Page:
2. Specific learning disabilites

It is my fear that the current trend toward specific learning disabilities dissavows the notion that our symptomology profoundly effects every area of our lives, and not just our ability to function adaptively in either academia or on our jobs. In other words, it is my strong belief that a learning disability, is a learning disability, is a learning disability. To break it down into specifics may be useful in the treatment of one or more of its symptoms, but I still believe that the concept of specific disabilities runs contrary to our understanding that having a learning disability profoundly effects the totality of our lives. For example, my specific disabilities are dyslexia and ADD, but it is the fact that I am a learning disabled adult that truly captures who I am. For me, it is the difference between the weather, and the climate. The weather, (my specific disability) may describe what I am experiencing right now, but the climate, (the fact that I am a learning disabled adult), best describes me.

3. Learning differences

This is why I have such a problem with the whole notion of learning differences.
To imply that our only problem is that we learn differently, again, dissavows the impact that our disability has had on the totality of our lives, and therefore, (at least in my own mind), implies that it is we who are at fault for who we are, and that it is we who are to blame for our dysfunction outside of the academic or vocational arenas.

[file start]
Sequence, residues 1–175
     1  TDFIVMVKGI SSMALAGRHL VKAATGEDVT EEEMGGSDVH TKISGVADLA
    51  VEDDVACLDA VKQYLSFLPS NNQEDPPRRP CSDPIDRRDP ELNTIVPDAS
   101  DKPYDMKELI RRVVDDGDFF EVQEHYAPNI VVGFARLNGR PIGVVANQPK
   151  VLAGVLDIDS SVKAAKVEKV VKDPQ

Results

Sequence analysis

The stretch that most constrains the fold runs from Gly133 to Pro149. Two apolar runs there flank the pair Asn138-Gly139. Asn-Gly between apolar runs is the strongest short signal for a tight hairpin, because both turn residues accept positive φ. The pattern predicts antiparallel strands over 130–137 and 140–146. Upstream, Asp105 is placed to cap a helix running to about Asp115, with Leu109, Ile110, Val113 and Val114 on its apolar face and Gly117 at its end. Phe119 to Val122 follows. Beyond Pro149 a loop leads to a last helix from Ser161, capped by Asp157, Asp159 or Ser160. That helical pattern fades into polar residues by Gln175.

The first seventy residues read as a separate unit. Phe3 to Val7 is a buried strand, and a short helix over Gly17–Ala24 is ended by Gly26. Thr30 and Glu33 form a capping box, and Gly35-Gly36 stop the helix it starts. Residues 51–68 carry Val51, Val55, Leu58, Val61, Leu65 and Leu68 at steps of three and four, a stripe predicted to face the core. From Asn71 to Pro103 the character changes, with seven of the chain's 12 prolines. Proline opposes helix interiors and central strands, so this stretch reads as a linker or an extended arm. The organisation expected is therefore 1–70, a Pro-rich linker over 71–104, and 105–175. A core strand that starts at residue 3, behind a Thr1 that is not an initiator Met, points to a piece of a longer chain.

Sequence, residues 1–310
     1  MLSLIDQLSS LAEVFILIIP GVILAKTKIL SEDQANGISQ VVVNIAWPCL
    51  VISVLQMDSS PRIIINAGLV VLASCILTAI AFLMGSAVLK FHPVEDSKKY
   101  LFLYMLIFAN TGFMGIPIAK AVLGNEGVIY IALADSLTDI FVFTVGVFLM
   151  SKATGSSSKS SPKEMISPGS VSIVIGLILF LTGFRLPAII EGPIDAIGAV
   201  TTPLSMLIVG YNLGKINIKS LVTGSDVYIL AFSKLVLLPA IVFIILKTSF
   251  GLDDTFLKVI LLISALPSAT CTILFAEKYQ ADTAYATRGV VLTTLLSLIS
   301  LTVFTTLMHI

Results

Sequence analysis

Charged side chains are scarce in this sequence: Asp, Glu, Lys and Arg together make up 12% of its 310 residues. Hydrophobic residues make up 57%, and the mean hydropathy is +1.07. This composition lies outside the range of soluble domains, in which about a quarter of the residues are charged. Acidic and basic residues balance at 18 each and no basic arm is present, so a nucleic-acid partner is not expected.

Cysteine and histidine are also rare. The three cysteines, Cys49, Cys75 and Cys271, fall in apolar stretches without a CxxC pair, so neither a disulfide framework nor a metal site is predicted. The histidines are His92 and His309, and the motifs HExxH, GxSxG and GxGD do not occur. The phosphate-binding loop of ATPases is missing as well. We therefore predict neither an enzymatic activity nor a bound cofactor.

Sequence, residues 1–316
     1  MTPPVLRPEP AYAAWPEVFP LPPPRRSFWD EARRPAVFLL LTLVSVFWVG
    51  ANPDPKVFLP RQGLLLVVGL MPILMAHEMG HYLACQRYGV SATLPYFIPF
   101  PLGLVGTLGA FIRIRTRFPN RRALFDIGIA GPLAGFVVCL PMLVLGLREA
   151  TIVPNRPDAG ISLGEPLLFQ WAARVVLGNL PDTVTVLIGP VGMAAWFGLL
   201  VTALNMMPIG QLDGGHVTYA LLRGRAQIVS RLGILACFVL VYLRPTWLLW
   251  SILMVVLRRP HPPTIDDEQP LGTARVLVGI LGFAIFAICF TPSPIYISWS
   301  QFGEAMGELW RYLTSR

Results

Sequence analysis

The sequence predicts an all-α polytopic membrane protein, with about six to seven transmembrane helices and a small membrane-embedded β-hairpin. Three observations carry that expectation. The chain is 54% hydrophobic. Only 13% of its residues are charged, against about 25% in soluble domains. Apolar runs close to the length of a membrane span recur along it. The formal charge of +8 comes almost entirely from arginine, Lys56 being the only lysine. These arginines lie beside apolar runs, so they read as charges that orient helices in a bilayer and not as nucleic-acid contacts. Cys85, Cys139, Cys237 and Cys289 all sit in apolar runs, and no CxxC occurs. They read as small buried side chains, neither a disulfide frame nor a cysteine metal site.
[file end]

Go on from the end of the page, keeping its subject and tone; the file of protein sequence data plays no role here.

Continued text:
Rob</HTML>

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Anonymous
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Posted:Jul 20, 2002 9:50:17 AM

<HTML>
OKAY NOW YOU LOST ME. Since when has it been said that ADHD does not exist?

In regards to the definition of a learning disability vs. ADHD I suppose we have DR. Barkley and CHADD to thank for the distinction in regards to federal rights and laws. This group worked so long and hard to convince the federal government that ADHD was a neurological impairment and in need of educational accomodations under 504. They pushed for it,and the only way to get civil rights for millions of people this was the way to do it. Other health impaired classification under IDEA was a way to help a person in school recieve not only accomodations but services to help them develop things such as organizational skills and behavior managment plans. Unfortunately due to the guru's research based opinions this effectively seperated the two from each other even more. A learning disability is a neurological impairment right? How things got confused I have yet to come up with a theory about that.

Again coming from the sped advocate point of view,these changes are reflective directly from the laws that are suppose to protect us..